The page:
Facts & figures
Chocolate originated thousands of years ago in a tropical rain forest located in Central America. It was the cacao tree that produced the beans required to make this tasty treat. Chocolate was first enjoyed as a drink and, as many of us know is now available in a variety of different forms, and is loved and enjoyed by millions of people throughout the world.
Chocolate starts to melt at 34°C which is body temperature, that's why it melts in your mouth.
The word Chocolate comes from the Aztec word xocolatl, meaning, bitter water.
The Swiss consume more chocolate per capita than any other nation on earth. That is 22 pounds (10 kg) each compared to 11 pounds (5 kg) per person in the United States.
Today the world production of cocoa beans is about 3 million tons, against approximately 10 000 tons in 1830.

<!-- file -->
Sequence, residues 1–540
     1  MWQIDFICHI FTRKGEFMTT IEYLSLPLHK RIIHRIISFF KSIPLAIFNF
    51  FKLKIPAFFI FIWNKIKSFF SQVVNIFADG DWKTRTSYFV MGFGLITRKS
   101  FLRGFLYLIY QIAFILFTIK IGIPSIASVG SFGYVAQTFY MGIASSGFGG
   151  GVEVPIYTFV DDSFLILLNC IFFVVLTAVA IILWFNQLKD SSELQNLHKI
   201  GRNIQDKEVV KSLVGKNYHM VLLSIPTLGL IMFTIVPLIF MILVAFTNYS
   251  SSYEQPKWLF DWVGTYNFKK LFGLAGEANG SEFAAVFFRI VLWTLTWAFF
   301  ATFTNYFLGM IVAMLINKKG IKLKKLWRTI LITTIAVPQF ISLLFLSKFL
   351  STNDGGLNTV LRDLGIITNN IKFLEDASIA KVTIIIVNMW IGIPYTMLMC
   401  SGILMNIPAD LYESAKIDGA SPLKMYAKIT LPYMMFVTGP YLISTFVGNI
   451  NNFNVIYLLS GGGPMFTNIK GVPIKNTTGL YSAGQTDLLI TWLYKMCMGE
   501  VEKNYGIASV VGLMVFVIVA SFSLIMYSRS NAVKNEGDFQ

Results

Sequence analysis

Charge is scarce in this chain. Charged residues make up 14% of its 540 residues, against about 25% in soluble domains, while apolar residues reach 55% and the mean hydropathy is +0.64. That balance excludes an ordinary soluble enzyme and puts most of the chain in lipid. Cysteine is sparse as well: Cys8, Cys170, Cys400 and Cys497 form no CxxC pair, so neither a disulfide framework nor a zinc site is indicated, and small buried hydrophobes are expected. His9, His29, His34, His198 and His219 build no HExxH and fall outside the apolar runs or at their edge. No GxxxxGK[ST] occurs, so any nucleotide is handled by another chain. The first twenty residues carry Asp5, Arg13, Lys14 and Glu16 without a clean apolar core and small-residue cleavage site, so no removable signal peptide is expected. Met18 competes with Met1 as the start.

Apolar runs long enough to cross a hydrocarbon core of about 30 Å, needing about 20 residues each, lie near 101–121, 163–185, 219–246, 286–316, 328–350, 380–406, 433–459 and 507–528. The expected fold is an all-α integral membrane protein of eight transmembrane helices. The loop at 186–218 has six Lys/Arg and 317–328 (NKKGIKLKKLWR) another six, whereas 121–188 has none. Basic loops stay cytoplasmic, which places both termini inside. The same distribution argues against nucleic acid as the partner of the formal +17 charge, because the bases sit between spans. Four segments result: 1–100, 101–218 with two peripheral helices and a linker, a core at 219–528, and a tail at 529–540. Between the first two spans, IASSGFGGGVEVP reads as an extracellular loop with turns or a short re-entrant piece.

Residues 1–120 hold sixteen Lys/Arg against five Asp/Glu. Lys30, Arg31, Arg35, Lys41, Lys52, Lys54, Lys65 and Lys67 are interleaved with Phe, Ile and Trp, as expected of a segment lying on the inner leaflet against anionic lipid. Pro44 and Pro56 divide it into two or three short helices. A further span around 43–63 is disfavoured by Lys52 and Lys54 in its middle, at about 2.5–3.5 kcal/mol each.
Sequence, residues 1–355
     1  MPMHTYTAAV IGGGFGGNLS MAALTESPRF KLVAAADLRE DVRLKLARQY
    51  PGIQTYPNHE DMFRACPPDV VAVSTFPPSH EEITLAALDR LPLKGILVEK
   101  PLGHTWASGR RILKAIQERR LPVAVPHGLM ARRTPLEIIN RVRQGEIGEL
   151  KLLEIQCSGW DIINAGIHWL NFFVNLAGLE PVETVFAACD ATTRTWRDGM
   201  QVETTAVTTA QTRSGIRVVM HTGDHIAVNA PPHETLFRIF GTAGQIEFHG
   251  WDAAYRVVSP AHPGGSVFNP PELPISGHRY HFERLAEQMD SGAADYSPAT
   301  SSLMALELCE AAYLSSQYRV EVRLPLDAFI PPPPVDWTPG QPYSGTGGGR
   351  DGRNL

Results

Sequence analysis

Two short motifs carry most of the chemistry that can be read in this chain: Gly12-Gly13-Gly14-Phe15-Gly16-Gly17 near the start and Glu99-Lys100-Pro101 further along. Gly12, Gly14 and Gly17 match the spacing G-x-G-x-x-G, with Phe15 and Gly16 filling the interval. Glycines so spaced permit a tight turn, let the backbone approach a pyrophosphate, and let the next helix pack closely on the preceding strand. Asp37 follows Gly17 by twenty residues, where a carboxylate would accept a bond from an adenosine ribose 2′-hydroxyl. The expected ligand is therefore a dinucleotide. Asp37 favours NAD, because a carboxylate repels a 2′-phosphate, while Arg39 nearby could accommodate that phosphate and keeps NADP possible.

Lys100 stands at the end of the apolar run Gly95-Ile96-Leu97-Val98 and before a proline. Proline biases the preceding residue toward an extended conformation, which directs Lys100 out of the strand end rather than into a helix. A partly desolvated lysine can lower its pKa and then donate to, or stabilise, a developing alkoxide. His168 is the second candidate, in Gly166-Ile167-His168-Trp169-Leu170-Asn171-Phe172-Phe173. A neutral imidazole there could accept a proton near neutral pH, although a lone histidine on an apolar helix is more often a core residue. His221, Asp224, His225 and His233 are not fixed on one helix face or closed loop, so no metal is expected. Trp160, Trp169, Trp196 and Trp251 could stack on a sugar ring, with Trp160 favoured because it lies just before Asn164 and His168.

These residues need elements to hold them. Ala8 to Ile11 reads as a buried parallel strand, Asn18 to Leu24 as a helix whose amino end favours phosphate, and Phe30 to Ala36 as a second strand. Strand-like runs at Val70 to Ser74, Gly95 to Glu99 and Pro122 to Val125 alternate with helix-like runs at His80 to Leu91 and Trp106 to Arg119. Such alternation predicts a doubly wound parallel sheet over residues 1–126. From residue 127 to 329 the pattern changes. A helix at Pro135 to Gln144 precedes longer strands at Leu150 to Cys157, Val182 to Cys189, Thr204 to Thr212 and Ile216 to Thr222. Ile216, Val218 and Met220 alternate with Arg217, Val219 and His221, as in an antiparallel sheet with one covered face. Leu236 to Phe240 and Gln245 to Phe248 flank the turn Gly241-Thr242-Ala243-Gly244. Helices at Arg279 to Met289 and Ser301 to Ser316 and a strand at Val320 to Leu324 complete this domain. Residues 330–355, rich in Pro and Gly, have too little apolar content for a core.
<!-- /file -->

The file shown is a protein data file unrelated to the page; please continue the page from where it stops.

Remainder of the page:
80% of the production of chocolate is in Europe and North America. 80% of the cultivation of cocoa is concentrated in 9 countries: Ghana, Indonesia, Brazil, Nigeria, Cameron, Ecuador, Malaysia and Ivory Coast.
Chocolate makers use 40% of the world's almonds and 20% of the world's peanuts.
A farmer must wait four to five years for a cacao tree to produce its first beans.
The French celebrate April Fool's Day with chocolate-shaped fish, or "Poisson d'Avril."
Chocolate is a natural anti-depressant. When we feel down we like to reach for a piece of chocolate. Chocolate contains serotonin which is a feel good chemical that gives us a sensation of well-being and happiness. A piece of chocolate is therefore ideal to brighten up a dark autumn day.